There is hardly an easier method than the good old pros-and-cons list to make decisions. All you need is a sheet of paper with two columns for pros-and-cons. On the left, list the arguments in favor of the decision (Pros). Similarly, list the arguments against it (Cons) on the right. Easy, isn’t it?
Writing is powerful
Our brain loves to get lost in a tangle of diffuse thoughts. Can you manage to have all the arguments in your head at the same time? If so, congratulations! However, many of us find it difficult to do so. When countless arguments are in your head, it is difficult to keep an overview. Even the process of putting it on paper can be enormously illuminating. Remember the Chinese proverb:
The faintest ink is more powerful than the strongest memory
Writing things down frees up your mental capacity for thinking and decision-making. Furthermore, this approach also adds a visual dimension to help facilitate the decision-making process. You have created the list. However, one column is significantly longer than the other. Yet, the whole thing doesn’t feel helpful than before. What good is it if you have 10 pros, but that one con gives you a ton of headache? This is where Benjamin Franklin’s method may help you!
History of this method
To get over this, my way is, to divide half a sheet of paper by a line into two columns, writing over the one pro, and over the other con.
Sounds like a pros-and-cons list, doesn’t it? But because the process is a little more complicated.
1. Ask yourself a clear question!
There are a variety of decision-making techniques. However, the Benjamin-Franklin method is most suitable for close-ended questions. These are questions to which you can answer with Yes or No.
Good example: Should I accept the new job offer?
Bad example: Should I go to Italy, the US or Spain during the summer vacation?
2. Find pros and cons!
A logical step that you already know from the standard pros-and-cons list: on the left you list the advantages, on the right, the arguments that speak against it. According to the Benjamin Franklin method, take your time, especially when it comes to making an important decision. Not all our thoughts are present at some point. Perhaps, you don’t have to make the final decision until the end of the week instead of today. If so, spread the process over the next few days.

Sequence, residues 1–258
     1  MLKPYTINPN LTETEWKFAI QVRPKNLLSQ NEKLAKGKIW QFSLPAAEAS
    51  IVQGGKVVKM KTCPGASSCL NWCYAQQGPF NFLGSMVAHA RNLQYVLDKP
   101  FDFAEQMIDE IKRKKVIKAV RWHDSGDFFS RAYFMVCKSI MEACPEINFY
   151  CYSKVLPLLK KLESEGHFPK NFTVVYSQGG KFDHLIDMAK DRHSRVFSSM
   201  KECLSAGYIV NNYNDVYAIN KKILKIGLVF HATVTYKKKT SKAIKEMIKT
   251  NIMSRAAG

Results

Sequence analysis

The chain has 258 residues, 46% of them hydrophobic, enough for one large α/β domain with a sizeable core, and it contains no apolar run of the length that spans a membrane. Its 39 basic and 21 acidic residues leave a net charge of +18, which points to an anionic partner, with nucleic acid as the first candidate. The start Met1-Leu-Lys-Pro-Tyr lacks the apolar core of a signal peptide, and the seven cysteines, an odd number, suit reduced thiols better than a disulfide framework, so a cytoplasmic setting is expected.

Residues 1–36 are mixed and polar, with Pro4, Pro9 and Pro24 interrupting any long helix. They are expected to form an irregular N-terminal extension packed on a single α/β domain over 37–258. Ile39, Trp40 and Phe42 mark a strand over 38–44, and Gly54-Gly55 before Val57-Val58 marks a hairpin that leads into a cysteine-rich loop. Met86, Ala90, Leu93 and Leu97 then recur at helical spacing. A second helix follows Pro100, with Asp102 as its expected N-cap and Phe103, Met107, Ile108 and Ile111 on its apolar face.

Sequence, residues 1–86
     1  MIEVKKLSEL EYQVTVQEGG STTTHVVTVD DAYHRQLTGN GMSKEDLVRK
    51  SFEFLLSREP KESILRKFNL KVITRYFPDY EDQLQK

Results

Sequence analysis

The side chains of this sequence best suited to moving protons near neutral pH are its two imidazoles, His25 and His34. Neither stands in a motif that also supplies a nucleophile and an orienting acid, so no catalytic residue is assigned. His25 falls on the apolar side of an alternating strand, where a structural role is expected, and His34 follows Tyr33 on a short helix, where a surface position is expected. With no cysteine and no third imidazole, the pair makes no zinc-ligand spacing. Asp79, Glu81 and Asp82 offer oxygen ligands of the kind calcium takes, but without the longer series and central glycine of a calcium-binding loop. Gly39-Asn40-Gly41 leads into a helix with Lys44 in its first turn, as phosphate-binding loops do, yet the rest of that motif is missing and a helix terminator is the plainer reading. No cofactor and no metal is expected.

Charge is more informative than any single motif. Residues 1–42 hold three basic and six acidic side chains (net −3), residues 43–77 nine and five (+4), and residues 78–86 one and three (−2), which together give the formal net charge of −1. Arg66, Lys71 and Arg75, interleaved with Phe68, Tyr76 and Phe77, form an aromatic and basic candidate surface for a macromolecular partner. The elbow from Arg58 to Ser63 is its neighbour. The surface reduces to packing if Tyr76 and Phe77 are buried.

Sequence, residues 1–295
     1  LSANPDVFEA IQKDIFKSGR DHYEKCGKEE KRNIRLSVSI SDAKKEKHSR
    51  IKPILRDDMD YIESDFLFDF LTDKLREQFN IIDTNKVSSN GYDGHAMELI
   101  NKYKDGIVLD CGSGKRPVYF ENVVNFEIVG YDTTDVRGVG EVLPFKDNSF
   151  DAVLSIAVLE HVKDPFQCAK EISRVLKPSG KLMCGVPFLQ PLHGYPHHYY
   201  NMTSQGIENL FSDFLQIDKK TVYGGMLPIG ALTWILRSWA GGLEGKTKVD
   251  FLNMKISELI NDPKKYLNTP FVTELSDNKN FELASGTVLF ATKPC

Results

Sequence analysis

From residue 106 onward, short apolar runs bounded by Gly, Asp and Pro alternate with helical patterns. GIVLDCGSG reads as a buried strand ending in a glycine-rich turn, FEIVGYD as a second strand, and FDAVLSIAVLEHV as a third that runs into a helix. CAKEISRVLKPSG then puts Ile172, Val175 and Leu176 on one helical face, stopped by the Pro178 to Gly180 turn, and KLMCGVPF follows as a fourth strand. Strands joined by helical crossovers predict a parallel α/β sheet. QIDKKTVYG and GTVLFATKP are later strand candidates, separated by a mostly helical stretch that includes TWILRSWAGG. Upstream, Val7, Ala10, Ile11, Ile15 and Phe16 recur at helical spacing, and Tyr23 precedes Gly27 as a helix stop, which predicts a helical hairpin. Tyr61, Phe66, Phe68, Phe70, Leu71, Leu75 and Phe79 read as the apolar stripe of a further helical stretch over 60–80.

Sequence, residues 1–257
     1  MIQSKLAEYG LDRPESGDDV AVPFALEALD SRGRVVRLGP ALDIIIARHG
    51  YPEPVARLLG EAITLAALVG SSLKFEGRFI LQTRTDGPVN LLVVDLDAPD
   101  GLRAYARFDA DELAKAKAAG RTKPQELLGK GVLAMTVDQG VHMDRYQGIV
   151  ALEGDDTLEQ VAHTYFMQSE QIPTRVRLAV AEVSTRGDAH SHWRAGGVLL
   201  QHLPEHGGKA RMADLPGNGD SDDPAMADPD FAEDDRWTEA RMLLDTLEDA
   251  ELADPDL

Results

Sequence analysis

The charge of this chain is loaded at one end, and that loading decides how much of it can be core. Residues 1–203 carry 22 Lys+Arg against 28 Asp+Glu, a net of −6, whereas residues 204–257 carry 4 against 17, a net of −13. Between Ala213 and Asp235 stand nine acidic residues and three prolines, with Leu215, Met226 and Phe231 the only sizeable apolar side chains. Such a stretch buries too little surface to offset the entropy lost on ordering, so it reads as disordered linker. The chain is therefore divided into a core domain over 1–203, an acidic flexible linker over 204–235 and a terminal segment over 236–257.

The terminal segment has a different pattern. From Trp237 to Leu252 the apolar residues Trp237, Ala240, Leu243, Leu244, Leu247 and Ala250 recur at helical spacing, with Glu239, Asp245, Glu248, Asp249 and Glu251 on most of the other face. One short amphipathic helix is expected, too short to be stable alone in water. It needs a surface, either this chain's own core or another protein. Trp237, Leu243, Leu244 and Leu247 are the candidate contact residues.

3. Assess the importance of the individual points!
From now on try to quantify the impact using concrete numbers. Put an end to the loose writing. Instead, tighten your thought process & sharpen your focus. The brain will rattle even more! The numbers game will cause you to sweat. But this approach has its rewards. You will finally have something tangible & worth scrutiny! However, ask yourself how important the individual points are. If possible, use a numeric scale to place relative weights, say from 1-10, with 10 an extremely important point.
4. Evaluate the probability of the pros and cons items
Next, try to predict the possibility of the individual items (pros & cons) materializing. Again, you can assign points from 1-10, where 1 is extremely unlikely and 10 is extremely certain.
5. Determine the weighs
Admittedly, Benjamin Franklin did not mention exactly how you should weigh the individual arguments. However, assessing the importance & probability are sensible & important steps. So, take your calculator or create an Excel spreadsheet to calculate the products of these numerical values. Subsequently, you will arrive at the overall weights of the arguments, both pro & con.
6. Eliminate superfluous arguments!
Now it’s time to simplify! Delete the arguments with the same low score. For example, you may want to kick out half the low-ranking scores to arrive at the selection set. These low-ranking items may be important in themselves, but do not play a critical role in the decision-making process. Nevertheless, you should be extremely careful here not to have attributes a wrong importance or probability. So, double check.
Next, delete the pairs that match in importance and probability in both individual values. If the list is still too long and confusing, eliminate the pairs that only match in the overall weighting. This way, you can reliably delete the arguments to arrive at the most compelling ones, for or against a specific course of action.
7. Analyze and decide!
After you have removed the balancing arguments, it’s time for a final analysis:
- Is one side significantly longer than the other? This can be a clear indication of your decision
- What is the importance of the pros compared to the importance of the cons?
- What is the probability of the pros compared to the importance of the cons?
- How are the ratings of importance and probability distributed?
- Are there any observable patterns?
In the end, despite all the numbers, calculations, pondering & evaluating, you may find the pros-and-cons & the accompanying results not quite right. If so, trust your gut feeling! These questions can also help you further:
- What is the overall impression?
- Are there any factors that feel important despite conflicting numbers?
- How would I choose someone else?
- Who else can I ask?
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